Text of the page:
Friday, November 21, 2014
Microsoft owns up to its latest Azure fumble
The evening of Nov. 18 saw Microsoft's Azure cloud experience a costly embarrassing outage, this one lasting about five hours. Users across the majority of the northern hemisphere were impacted by the system failure, according to Visual Studio Magazine. Since the failure, Microsoft has expressed its commitment to preventing future outages and exploring new ways to be more transparent about outages as they occur. This is Amazon's second major outage this year - another systematic failure occurred last August - so it's easy to peg the blame on Microsoft's negligence. However, considering how many resources Microsoft pours into its AWS cloud, it would be more fair to say the outage reflects how difficult it is to maintain a flawless data center.
Another update, another outage
Microsoft claimed that its last outage was the result of a configuration update, a similar explanation provided by the company's executives for this outage. The company's blog announced that the crash occurred while the company was performing flighted configuration updates to its U.S., Europe and Asia facilities. Despite routine testing, full-scale implementation of the configuration update caused an infinite loop in the front end storage blob, resulting in the cloud outages subsequently felt worldwide.
Once the outage was recognized, Microsoft worked around the clock to correct the roll-out. AWS users were connected to the cloud within hours of the original service loss. Despite suffering multiple major outages within a few months of one another, Microsoft seems dedicated to taking the flub in stride. Going forward, the company promised customers that it would work to rectify the front-end data blob problem immediately. The company has promised to post on its system health information board more often as well.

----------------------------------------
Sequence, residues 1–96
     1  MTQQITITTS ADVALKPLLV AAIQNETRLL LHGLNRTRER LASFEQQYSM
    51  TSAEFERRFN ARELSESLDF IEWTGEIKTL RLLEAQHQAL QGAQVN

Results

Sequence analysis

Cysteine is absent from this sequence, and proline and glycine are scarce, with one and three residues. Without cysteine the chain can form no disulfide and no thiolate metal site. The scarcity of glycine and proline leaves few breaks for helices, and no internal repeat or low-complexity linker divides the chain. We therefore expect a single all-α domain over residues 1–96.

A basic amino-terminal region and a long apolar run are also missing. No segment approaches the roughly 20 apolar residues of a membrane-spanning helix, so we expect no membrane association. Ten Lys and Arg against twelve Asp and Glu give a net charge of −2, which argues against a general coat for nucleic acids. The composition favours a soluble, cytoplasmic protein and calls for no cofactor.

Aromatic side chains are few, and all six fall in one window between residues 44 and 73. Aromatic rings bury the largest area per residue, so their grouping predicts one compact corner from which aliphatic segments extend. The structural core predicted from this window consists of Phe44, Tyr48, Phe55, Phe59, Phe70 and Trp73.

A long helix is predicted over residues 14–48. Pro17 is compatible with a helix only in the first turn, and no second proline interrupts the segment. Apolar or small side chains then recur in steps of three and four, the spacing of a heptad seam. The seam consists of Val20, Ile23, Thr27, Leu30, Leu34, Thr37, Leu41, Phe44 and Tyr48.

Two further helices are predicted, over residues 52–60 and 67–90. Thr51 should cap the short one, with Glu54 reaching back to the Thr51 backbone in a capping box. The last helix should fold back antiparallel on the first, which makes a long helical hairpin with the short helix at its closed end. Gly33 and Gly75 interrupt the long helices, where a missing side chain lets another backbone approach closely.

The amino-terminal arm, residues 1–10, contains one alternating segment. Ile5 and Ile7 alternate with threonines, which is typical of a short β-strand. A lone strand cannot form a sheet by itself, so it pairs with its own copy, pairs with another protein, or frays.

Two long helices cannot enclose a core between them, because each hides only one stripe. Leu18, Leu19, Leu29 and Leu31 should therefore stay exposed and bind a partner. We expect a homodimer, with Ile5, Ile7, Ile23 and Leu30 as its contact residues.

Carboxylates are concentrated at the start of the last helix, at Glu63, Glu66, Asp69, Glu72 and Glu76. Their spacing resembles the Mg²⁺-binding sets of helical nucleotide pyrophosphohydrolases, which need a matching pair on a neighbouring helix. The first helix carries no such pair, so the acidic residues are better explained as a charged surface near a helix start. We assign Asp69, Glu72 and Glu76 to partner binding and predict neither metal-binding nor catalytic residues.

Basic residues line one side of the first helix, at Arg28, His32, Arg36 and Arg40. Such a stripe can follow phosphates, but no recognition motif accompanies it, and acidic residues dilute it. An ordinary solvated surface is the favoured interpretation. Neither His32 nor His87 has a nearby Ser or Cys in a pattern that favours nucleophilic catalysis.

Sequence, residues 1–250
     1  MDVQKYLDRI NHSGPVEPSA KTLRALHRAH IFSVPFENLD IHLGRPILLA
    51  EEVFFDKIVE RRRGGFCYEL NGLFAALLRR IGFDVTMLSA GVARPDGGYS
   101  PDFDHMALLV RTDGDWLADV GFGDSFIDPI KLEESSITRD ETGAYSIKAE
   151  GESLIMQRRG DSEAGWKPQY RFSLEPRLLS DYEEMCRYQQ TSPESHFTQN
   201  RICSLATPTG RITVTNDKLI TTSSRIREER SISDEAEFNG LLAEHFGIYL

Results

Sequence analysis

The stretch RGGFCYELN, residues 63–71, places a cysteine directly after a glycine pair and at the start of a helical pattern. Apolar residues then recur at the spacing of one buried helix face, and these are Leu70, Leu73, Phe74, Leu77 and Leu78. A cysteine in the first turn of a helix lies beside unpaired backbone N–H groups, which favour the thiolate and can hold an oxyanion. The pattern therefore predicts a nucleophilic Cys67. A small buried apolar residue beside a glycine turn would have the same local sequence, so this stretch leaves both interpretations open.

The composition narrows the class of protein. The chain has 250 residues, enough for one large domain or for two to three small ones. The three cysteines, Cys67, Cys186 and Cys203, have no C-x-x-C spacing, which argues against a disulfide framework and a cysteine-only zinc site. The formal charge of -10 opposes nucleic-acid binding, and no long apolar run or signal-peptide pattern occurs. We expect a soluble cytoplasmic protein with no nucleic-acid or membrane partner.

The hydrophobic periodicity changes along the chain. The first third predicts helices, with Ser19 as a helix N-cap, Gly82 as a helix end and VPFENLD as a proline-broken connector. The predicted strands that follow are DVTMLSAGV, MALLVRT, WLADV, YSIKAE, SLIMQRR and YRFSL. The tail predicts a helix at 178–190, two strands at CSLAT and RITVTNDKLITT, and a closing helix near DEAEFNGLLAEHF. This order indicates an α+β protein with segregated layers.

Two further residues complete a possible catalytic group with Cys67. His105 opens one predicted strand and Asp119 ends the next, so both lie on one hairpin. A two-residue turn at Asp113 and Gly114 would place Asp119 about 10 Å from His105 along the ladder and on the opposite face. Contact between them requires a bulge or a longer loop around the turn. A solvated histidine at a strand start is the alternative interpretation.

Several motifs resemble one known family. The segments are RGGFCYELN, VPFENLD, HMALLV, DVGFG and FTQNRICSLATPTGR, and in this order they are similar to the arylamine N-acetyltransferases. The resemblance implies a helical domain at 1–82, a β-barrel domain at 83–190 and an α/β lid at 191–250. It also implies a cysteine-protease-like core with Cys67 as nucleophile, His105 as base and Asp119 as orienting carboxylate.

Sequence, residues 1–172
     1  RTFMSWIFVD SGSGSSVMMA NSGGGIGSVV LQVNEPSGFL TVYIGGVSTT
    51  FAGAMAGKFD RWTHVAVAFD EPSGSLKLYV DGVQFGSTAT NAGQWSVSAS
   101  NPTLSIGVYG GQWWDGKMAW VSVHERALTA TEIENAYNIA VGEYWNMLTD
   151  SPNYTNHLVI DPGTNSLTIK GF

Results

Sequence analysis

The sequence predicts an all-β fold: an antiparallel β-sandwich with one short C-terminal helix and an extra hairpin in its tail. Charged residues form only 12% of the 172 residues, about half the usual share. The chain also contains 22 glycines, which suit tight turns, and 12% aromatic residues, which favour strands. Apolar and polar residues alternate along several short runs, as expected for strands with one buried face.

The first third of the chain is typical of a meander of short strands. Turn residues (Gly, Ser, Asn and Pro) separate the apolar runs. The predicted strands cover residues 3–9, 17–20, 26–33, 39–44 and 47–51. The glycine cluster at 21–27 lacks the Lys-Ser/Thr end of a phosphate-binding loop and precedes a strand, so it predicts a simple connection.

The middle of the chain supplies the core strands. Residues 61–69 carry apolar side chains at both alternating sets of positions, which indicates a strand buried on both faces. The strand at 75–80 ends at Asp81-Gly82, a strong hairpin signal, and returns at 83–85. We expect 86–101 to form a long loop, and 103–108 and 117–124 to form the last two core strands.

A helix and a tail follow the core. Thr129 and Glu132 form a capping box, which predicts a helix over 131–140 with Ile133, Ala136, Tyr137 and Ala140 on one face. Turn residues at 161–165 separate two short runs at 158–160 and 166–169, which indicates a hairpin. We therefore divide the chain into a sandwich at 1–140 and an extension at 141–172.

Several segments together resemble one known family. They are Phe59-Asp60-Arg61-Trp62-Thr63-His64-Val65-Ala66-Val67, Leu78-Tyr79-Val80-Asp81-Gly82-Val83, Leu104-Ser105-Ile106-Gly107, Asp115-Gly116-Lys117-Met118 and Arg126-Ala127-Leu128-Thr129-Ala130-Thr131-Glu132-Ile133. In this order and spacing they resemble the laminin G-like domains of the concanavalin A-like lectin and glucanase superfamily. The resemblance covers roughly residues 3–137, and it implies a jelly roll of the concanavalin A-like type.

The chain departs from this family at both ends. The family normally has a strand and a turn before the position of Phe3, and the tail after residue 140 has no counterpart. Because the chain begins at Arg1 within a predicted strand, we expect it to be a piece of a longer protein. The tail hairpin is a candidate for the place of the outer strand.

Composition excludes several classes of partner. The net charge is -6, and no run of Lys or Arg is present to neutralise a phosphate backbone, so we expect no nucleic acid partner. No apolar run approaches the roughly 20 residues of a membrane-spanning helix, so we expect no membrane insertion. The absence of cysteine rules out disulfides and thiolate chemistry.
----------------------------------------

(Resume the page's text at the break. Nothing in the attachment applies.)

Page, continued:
Recovery tips for for IT
Data Center Knowledge offers advice for IT teams looking to avoid mimicking Amazon's costly pattern of shutdowns. First, IT teams can benefit from establishing an implementation strategy that makes system changes in increments instead of all at once. Staff can also minimize the impact of a data center outage by employing a diverse array of recovery strategies. Using a remote console server to facilitate off-site and cloud storage, for example, is a cost-effective way to add resiliency. Most importantly, it's vital for data center staffs to have an established protocol to follow when data center failure inevitably happens. This pre-planning will assist companies in recovering their data as promptly as possible.
Perle's wide range of 1 to 48 port Perle Console Servers provide data center managers and network administrators with secure remote management of any device with a serial console port. Plus, they are the only truly fault tolerant Console Servers on the market with the advanced security functionality needed to easily perform secure remote data center management and out-of-band management of IT assets from anywhere in the world.